Gannett News Service
This summer, Steely Dan will tour on the heels, not of a group album, but the release last year of the Donald Fagen solo CD, Morph The Cat.
But Fagen’s musical partner in Steely Dan, Walter Becker, says fans can rest assured that even without new Steely Dan music to play, he and Fagen won’t let the shows become a nostalgia trip for the fans or the musicians on stage.
“Our attitude is we’re definitely sort of in the anti-nostalgic camp,” Becker said in a recent teleconference interview with several writers. “If we don’t feel a tune that we’re playing feels fresh to us, if it feels like we’re recreating something rather than creating something, we don’t do it. And when we’re on stage it’s, you know, the band and the musicians that are there and the way it sounds and feels is just not an attempt to recapture anything. It’s a real musical event that’s happening for the first time before your very eyes. And I think…having done this a few times, we’re going to try and condense the Steely Dan set down into a maximum high-impact slamming type of deal that will completely banish any talk of nostalgia or traipsing down the rose garden, the garden path or however you put that.”
Steely Dan’s history certainly suggests that Fagen, Becker and the rest of the touring band will make good on that promise. The group has always been known for its sense of musical sophistication and adventure. It’s worth noting that despite still being hugely popular at the time, Fagen and Becker broke up after the 1980 Steely Dan album, Gaucho, in a large part because they realized they were stagnating creatively.
Of course, up until that time, the duo had set an impressive standard to try to maintain.
Fagen (keyboards/vocals) and Becker (bass) formed Steely Dan after meeting at Bard College in upstate New York in the late 1960s, and immediately made an impact with the 1972 debut album, Can’t Buy A Thrill. It included the hit songs like “Do It Again,” “Dirty Work” and “Reelin’ In the Years” and boasted highly developed arrangements, excellent playing and instantly accessible pop hooks.
Subsequent albums, such as Countdown To Ecstasy, Pretzel Logic, Katy Lied and The Royal Scam continued to maintain the high standards established with the debut, and Fagen and Becker reached a creative and commercial peak with the 1977 Steely Dan album, Aja. But soon after that their partnership went off track.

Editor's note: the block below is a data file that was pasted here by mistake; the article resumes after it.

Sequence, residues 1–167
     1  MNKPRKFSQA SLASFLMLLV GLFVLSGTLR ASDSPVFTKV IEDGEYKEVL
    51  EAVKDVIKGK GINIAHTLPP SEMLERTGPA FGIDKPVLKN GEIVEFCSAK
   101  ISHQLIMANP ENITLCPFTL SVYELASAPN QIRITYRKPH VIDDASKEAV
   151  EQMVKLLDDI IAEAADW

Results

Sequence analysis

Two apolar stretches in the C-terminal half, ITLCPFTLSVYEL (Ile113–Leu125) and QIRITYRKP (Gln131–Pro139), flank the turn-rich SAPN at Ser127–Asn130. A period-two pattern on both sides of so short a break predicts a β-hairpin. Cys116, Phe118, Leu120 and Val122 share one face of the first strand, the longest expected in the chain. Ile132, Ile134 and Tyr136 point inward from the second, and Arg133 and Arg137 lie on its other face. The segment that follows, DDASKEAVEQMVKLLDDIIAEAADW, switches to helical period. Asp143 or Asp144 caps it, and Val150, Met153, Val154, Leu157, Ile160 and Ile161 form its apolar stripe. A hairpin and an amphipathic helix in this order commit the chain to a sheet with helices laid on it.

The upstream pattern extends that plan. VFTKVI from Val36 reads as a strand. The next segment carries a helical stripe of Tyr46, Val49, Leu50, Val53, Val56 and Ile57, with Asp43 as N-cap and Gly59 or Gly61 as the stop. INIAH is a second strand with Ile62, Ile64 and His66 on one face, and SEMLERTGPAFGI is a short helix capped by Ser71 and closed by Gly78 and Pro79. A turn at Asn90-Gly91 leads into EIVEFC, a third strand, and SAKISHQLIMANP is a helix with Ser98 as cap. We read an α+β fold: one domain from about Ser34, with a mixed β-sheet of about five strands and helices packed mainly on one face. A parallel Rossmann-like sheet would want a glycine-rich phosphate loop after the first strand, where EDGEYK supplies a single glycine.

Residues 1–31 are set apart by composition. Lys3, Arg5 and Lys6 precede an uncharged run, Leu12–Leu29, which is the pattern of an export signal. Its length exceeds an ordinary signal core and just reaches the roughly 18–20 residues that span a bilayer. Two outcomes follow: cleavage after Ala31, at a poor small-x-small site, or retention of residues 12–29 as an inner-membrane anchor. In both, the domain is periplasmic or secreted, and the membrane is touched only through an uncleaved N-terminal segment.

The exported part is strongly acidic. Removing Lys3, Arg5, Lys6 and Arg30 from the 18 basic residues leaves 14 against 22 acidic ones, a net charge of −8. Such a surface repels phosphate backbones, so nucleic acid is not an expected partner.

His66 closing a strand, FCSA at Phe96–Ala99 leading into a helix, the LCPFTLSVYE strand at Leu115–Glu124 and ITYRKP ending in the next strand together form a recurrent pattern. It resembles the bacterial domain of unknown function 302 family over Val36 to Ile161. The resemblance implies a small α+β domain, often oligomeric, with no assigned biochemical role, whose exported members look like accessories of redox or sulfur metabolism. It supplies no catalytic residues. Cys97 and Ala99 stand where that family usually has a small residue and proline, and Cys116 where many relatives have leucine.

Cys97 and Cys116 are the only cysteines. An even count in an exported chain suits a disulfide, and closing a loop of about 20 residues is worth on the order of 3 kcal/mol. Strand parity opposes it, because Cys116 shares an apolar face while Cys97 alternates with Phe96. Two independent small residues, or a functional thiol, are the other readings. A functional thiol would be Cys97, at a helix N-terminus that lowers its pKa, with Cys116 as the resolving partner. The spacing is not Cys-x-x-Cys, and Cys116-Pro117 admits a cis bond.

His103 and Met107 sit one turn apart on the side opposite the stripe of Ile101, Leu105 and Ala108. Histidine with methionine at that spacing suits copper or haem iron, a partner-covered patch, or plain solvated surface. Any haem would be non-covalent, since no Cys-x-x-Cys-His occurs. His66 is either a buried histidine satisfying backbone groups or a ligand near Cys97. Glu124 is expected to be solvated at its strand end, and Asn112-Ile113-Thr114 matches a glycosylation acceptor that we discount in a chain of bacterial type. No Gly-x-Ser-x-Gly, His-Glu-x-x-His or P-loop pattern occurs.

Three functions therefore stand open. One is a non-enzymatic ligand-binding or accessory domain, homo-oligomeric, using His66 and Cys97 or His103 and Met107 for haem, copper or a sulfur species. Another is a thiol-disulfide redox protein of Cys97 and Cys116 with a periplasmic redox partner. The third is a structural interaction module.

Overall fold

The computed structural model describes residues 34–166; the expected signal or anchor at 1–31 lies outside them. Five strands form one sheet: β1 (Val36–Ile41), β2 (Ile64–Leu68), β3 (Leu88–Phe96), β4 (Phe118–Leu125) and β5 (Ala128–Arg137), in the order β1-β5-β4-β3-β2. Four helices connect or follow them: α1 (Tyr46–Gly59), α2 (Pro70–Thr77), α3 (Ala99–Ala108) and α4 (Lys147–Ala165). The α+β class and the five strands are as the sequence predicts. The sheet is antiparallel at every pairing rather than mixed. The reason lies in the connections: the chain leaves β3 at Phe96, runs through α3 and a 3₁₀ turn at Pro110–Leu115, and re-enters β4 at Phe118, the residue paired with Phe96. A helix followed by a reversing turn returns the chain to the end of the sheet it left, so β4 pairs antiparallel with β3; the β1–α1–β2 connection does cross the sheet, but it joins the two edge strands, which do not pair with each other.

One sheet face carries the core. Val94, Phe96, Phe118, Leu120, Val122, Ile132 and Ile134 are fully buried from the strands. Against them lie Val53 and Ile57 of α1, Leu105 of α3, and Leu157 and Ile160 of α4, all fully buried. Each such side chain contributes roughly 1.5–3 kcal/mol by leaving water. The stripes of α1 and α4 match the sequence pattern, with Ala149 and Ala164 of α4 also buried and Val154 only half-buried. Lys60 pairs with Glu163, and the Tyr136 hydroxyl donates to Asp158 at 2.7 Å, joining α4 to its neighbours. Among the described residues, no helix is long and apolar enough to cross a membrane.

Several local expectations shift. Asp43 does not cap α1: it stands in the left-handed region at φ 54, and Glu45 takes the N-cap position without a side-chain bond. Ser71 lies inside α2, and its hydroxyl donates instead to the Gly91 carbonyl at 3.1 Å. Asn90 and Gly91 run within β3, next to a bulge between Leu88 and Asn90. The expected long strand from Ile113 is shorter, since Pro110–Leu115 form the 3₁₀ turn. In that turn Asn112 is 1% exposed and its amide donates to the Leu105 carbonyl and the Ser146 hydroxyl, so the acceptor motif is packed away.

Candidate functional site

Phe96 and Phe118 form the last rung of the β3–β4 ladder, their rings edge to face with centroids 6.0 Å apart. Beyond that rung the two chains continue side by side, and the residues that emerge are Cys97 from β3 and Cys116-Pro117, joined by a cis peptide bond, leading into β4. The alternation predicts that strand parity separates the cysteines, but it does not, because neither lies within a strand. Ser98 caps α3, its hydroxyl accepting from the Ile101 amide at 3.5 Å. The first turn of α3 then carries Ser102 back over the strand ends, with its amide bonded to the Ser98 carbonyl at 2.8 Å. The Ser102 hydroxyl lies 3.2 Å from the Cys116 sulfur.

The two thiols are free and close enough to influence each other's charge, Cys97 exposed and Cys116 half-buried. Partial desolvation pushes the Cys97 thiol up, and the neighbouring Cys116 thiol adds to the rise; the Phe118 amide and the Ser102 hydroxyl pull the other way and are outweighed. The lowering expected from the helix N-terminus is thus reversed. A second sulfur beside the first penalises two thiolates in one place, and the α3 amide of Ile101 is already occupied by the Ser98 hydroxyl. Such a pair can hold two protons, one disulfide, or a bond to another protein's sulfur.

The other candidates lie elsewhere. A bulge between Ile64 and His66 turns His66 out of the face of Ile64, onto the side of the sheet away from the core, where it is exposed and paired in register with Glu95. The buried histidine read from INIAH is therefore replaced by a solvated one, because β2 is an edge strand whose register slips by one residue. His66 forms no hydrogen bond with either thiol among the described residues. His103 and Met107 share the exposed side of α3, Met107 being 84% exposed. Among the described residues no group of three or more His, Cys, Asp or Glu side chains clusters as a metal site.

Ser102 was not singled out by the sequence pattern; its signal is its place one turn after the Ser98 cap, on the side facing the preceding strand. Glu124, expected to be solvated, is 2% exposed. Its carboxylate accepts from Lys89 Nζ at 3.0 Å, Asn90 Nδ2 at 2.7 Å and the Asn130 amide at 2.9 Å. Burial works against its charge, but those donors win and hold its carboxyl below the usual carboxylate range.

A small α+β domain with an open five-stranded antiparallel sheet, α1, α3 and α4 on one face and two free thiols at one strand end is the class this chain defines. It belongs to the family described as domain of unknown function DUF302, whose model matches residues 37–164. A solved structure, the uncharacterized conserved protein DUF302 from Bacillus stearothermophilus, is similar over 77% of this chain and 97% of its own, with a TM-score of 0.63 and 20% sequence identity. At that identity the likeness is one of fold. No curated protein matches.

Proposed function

During the writing and recording of their next album, Gaucho, Becker, in particular, suffered two major personal setbacks –- first the suicide of his girlfriend and then he suffered a broken leg when he was struck by a cab. The situation kept Becker from helping Fagen complete Gaucho.
With the duo feeling burned out and in need of addressing their lives outside of Steely Dan, they went their separate ways.
The two didn’t re-emerge until 1992, when Fagen and Becker teamed up as part of the New York Rock And Soul Revue tour (alongside such vocalists as Boz Scaggs, Phoebe Snow and Michael McDonald).
After that roadshow, Fagen and Becker decided to test the waters with Steely Dan. Tours were booked for 1993 and 1994, sandwiched around the making and release of Fagen’s 1993 solo CD, Kamakiriad (produced by Becker) and Becker’s 1994 release, 11 Tracks Of Whack (produced by Fagen).
Then it was on to a full-fledged return of Steely Dan with the 2000 CD, Two Against Nature. It was a gratifying new beginning. Not only did the CD enjoy considerable popularity, it became the first Steely Dan release to win non-production Grammys, taking home 2002 honors for Album of the Year, Best Pop Vocal Album and Best Engineered Album/Non-classical.
Another strong CD, Everything Must Go, followed in 2003.
While Two Against Nature and Everything Must Go arrived in fairly quick succession, Becker, who has started work on a solo album, said it probably will be some time before he and Fagen make another Steely Dan CD.
“I’m sort of in the middle of it,” he said. “So, I think that (a new Steely Dan album) is in (some) far flung future.”
Becker said he enjoys touring now more than in the 1970s before Steely Dan became strictly a studio project.
“At the point where we jumped out in the ‘70s you know the control that we had over presenting our music the way it sounded and so on was pretty hit and miss,” Becker said. “And whereas in the intervening years they’ve gotten it together to that point that you know it sounds good every night …The band sounds good every night now which was not really the case in the ’70s.”